Esports tech firm eFuse launched a “Creator League” with big influencers like Bella Poarch, iShowSpeed, and Clix last week, and used the massive reach of YouTube giant MrBeast to promote it. But now the company has put the project on hold following controversy surrounding the league’s use of blockchain tech.

Esports Insider and Sports Business Journal reported Tuesday that eFuse has also laid off 30% of its staff, which is believed to have affected approximately 30 employees. While eFuse did not confirm the exact numbers with Decrypt, it said in a statement that the company will go through a “restructuring.”

“The Creator League was an experiment in creator-led, fan-controlled esports,” eFuse CEO Matthew Benson said in a statement. “We remain excited about the Creator League and will take some time to reflect on community feedback and refine its structure. As with all ambitious projects, the path toward innovation is winding. We’re prepared to keep learning and pushing gaming forward.”


The Creator League offered fans "Community Passes," which cost $20 apiece and were tied to each of the gamers and influencers leading teams in the esports league. Each pass let viewers join an exclusive Discord server, vote in polls related to the league, and participate in certain competitions.

Soon after the launch, some influencers connected to the league complained about the use of blockchain tech. Efuse said that it is using the Near blockchain to “validate data and log information relating to the community passes.” However, the company claimed in a statement that the passes are not NFTs.

“Within the product, the blockchain provides additional transparency to inventory levels,” said eFuse VP of Engineering Shawn Pavel in a statement.


“Not tokens. Not transferable. Not fungible. No cryptocurrency involved,” an eFuse representative told Decrypt via email.

As described by the company, however, the passes sound like soulbound tokens—a type of token that is locked to the wallet that initially mints (or purchases) it and cannot be traded. If that is the case, then that's still a type of NFT, even if the restrictions mean that there is no speculative element around them.

“We used the blockchain to power transparency and create a public ledger so the community knew we weren’t overselling passes,” the spokesperson added.

Crypto confusion

Controversy first began to swirl around the Creator League when YouTuber Connor “CDawgVA” Colquhoun—one of eight creators whose name is being used in the League—said he planned to leave the project.

“I accepted to join the Creator League not fully understanding the tech behind it,” Colquhoun tweeted on Sunday. “Needless to say, with the current information available I'm planning on withdrawing.”

“I was given assurances that it had nothing to do with NFTs. Given my vocal hatred of such tech, I would never agree to join had I known that,” said Colquhoun, who has millions of followers across YouTube and Twitch, primarily for his content about exploring Japan.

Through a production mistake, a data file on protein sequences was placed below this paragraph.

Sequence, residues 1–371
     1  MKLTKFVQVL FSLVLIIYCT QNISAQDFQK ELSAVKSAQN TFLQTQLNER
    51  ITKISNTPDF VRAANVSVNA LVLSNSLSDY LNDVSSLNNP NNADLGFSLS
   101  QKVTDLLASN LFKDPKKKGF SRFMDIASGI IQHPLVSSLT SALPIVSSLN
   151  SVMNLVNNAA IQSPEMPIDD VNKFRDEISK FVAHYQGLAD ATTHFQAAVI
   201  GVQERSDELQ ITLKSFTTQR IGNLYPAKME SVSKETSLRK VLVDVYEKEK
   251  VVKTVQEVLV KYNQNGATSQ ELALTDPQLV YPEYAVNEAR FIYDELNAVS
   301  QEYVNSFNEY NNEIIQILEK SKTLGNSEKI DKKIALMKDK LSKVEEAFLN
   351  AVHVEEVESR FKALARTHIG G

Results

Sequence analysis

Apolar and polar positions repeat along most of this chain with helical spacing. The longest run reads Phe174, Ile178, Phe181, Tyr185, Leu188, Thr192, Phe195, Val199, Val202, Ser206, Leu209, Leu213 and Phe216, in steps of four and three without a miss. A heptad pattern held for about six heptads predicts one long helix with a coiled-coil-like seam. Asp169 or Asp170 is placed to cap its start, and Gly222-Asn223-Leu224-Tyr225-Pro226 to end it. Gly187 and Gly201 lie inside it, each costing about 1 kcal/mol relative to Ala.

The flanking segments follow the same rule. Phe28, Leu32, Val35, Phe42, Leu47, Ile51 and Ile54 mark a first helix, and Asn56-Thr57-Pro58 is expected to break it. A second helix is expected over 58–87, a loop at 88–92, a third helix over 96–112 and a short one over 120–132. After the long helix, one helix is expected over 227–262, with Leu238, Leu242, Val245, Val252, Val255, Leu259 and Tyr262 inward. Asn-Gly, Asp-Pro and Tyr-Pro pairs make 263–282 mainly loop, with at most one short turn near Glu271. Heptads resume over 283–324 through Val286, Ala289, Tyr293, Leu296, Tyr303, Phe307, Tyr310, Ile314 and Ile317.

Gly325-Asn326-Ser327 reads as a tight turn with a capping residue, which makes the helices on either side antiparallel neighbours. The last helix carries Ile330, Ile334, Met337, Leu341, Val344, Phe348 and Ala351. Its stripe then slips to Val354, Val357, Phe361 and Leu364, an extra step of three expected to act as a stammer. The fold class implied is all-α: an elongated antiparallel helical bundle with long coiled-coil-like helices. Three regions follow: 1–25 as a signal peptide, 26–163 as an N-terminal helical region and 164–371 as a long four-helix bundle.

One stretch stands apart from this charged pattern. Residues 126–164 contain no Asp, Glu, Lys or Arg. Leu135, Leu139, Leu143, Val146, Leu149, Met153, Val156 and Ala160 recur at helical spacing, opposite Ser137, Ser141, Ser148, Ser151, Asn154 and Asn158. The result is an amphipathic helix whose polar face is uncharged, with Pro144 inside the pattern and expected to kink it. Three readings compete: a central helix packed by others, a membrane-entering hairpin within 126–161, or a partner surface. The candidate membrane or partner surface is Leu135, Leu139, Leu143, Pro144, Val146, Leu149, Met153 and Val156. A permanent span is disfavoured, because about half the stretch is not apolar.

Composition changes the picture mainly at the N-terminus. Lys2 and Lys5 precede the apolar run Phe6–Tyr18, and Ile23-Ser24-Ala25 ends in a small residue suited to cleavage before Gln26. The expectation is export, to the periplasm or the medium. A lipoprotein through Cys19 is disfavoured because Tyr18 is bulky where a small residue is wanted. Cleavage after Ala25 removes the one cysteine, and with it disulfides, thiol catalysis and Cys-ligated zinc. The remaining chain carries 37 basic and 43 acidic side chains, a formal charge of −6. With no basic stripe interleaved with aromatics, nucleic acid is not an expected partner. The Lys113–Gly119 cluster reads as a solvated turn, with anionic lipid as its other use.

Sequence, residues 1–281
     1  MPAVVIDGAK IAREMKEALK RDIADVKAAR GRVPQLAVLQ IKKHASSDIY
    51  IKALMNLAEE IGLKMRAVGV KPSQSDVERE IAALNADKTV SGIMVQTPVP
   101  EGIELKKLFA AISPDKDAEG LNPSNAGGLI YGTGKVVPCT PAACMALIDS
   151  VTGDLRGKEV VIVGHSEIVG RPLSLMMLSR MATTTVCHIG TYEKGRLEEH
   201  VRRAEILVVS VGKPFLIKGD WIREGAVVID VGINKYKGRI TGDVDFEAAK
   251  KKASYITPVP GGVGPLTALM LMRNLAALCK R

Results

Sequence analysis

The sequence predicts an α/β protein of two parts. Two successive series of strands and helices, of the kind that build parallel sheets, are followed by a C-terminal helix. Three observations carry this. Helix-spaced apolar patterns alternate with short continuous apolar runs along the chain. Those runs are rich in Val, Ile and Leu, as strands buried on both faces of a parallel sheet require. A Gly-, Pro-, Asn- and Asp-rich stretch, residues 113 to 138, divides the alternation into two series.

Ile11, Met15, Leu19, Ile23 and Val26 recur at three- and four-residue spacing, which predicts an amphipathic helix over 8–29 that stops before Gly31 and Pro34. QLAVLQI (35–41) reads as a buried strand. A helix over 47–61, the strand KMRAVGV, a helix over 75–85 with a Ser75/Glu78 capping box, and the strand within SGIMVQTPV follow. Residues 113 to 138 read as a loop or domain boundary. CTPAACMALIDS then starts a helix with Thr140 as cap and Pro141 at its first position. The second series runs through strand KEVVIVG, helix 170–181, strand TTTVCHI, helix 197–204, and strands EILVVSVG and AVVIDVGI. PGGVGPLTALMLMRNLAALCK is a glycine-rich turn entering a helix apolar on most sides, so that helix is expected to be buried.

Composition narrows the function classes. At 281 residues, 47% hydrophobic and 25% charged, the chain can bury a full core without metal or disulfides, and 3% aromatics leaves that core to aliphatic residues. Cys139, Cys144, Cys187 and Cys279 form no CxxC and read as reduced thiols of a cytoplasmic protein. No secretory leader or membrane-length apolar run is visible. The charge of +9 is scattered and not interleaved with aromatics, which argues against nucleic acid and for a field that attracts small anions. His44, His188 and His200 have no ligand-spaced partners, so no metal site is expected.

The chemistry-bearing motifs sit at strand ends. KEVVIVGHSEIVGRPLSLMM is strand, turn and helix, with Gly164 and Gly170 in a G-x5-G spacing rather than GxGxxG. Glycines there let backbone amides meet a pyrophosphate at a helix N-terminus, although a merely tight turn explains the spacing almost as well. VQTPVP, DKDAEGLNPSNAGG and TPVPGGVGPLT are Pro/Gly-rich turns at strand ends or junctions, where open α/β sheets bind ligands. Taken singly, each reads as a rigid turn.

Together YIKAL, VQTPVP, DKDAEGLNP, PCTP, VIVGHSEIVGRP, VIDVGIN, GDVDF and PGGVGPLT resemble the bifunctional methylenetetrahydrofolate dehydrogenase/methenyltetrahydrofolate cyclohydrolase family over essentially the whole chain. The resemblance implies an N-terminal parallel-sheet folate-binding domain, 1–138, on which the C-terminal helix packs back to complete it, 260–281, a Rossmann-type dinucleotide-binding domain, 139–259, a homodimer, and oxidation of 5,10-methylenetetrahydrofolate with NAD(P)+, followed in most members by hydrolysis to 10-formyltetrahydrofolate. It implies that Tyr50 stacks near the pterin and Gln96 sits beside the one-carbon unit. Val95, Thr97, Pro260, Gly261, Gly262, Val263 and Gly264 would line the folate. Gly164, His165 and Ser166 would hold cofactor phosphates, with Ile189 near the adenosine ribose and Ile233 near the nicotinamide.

The pseudonymous OTK co-founder known as “TipsOut” said that the esports organization was also not aware of any NFT elements in the Creator League, and was “told there was no NFT/crypto component.”


OTK and TipsOut did not immediately respond to Decrypt’s request for comment. MrBeast, who promoted the Creator League through his popular YouTube channel as well as his candy brand Feastables, did not immediately respond to Decrypt’s request for comment.

Notably, neither the Creator League’s official trailer nor its Twitter promotional video mention its use of Near.

On a Twitter Space Sunday, crypto gaming streamer Bryce “Brycent” Johnson said he has “no clue” whether the Creator League’s attached influencers were aware of the project’s blockchain connections. 

“Efuse, from my perspective, has always been transparent with me and given me ample information,” Johnson said, confirming that he was made aware of the Creator League’s use of Near.

The Creator League’s own purchase page does not clarify to buyers that they are purchasing something that uses Near on the backend, and its blog posts explaining how the pass works do not mention that the passes are tracked via a blockchain network. Efuse said that it will allow fans to request refunds via email if desired.

When asked for further details on eFuse’s financial relationship with Near, an eFuse representative told Decrypt via email that an “18-month relationship” exists between the two entities.

“They provided a cash grant to exercise their platform and build our tech on top of it. We didn’t make any money on the deal. The grant allowed us to learn and experiment on the blockchain—but again, that was a while ago,” the eFuse spokesperson said.

The Near Foundation did not immediately respond to Decrypt’s request for comment, but a September 2022 transparency report confirms that Near provided a grant of an undisclosed amount to eFuse as a part of its “Ecosystem” funding efforts (the entire category of roughly 29 projects received a collective $133 million in grant-based funding). 


This isn’t the first time eFuse, which also owns the news site, has faced controversy. Last year, eFuse Chief Strategy Officer Patrick Klein resigned over sexual harassment allegations made during Klein’s previous role at Ohio State University. In 2020, a university investigation found Klein guilty of violating the school’s sexual harassment policies because of text messages and social media exchanges with 13 different student-athletes.

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